E34: Scoliosis Exercises: What You Should Do and Avoid

E34: Scoliosis Exercises: What You Should Do and Avoid Image

In Episode 34, host Heather Rotunda and Dr. J Hartley discuss scoliosis exercises, what you should do and avoid.

Throughout the episode, you'll hear:

  • The difference between proactive and traditional treatment
  • Why scoliosis specific exercises are beneficial
  • The similarities and differences between CLEAR and other exercise programs
  • What, if any, activities should be avoided

We hope you enjoy the show!

To connect with Dr. J directly, visit Hartley Chiropractic CLEAR Scoliosis Center.

Have a question or comment?

Do you have a question for Dr. J? Leave a comment below, and we'll make sure it gets to him. We may even cover your question on a future episode of Life Beyond the Curve.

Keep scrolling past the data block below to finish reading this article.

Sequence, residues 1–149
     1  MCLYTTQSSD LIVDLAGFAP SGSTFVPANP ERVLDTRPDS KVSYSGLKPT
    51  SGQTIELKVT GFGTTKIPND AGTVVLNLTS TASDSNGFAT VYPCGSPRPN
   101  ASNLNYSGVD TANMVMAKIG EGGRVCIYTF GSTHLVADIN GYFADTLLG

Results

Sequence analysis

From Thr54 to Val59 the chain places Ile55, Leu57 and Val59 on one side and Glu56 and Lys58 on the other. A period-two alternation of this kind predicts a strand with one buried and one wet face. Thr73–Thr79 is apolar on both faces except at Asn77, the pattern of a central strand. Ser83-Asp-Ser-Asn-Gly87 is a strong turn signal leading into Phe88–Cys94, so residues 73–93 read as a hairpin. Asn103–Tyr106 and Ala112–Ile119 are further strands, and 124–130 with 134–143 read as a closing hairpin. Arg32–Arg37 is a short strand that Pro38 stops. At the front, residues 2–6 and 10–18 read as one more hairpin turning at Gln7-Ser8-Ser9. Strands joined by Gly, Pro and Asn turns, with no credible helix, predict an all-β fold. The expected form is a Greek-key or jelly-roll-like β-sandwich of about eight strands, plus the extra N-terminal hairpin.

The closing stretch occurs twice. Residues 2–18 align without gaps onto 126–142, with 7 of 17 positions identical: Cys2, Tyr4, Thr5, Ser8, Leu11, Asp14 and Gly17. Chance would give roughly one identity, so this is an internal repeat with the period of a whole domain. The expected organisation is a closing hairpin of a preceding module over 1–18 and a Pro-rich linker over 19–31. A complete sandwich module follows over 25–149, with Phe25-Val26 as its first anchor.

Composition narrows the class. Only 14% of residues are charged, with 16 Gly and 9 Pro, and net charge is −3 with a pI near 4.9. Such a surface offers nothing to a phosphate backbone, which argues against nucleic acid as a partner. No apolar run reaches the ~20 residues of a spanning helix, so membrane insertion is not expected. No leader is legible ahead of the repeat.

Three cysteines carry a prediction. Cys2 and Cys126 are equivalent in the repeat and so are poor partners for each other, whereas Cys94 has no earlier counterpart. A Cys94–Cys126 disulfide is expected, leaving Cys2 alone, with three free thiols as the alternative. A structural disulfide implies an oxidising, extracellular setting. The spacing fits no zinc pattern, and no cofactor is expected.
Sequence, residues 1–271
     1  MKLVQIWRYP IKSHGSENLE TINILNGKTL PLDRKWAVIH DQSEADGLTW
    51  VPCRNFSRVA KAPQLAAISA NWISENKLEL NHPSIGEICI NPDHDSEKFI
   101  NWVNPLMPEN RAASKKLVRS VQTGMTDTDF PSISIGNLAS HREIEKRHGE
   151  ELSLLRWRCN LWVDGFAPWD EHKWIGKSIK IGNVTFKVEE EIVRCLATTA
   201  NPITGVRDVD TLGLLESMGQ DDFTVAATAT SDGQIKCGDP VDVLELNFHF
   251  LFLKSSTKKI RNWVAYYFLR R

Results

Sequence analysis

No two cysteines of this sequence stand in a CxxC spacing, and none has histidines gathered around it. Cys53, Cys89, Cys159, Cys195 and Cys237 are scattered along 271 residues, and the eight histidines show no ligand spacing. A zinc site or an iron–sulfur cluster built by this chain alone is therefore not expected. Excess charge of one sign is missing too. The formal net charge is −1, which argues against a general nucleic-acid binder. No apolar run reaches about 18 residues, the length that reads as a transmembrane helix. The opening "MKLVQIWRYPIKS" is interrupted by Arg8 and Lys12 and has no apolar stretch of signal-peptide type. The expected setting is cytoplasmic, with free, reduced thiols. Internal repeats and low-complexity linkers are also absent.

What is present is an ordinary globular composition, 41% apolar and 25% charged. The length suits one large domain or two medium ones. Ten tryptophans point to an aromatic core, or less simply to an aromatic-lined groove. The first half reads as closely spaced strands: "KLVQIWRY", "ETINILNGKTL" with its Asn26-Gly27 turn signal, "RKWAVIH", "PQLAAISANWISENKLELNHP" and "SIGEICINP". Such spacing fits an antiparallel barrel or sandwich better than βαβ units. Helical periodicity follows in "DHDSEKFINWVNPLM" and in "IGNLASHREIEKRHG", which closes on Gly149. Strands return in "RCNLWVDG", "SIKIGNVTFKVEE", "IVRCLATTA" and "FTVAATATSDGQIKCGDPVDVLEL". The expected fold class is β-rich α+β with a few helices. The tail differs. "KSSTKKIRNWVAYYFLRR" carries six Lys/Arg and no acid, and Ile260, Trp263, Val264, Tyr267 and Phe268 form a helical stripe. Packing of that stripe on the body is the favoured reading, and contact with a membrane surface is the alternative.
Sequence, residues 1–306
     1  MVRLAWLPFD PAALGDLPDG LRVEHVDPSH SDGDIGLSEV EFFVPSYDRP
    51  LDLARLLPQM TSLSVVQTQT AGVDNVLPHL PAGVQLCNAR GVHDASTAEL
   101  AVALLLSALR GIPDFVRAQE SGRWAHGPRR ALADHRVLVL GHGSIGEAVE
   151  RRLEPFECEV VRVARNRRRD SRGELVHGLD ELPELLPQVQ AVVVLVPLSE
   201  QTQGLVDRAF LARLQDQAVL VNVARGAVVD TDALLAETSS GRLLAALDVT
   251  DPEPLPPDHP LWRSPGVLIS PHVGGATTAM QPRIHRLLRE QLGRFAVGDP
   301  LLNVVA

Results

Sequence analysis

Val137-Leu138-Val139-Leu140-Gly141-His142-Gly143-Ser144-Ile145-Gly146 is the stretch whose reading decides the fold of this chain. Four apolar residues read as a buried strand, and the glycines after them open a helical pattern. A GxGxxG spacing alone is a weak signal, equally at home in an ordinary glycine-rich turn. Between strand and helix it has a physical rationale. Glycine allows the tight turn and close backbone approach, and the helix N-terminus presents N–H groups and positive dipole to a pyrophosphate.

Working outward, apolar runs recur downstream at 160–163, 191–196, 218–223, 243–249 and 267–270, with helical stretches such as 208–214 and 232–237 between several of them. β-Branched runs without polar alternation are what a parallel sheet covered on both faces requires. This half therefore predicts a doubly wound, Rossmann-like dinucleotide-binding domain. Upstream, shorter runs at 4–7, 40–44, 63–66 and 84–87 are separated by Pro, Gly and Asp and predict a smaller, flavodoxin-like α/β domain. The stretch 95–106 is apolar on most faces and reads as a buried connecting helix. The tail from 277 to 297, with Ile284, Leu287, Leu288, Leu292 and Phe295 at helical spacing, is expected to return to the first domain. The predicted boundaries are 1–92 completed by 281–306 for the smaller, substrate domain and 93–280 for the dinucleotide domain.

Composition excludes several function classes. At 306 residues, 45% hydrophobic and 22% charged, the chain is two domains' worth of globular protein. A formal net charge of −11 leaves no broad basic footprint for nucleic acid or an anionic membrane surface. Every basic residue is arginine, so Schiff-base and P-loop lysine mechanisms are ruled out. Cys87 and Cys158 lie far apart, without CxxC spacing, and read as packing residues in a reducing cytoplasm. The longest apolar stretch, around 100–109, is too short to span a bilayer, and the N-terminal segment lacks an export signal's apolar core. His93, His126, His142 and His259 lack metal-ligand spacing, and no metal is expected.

Additional Podcasts with Dr. Hartley

Blog Articles by Dr. Hartley


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Episode Transcript

Heather R (00:00):

Hello and welcome to Episode 34 of Life Beyond The Curve. I'm your host, Heather Rotunda. Joining me today to discuss Scoliosis Exercises is Dr. J Hartley in St. Augustine, Florida. Dr. J has been practicing for 30 years and has been with CLEAR since 2015. In addition to being CLEAR certified in both Standard and Intensive care, he's also a board certified Chiropractic Neurologist. It's always a pleasure speaking with Dr.J, and I'm sure you'll learn as much from this conversation as I did. Episode 34, here we go!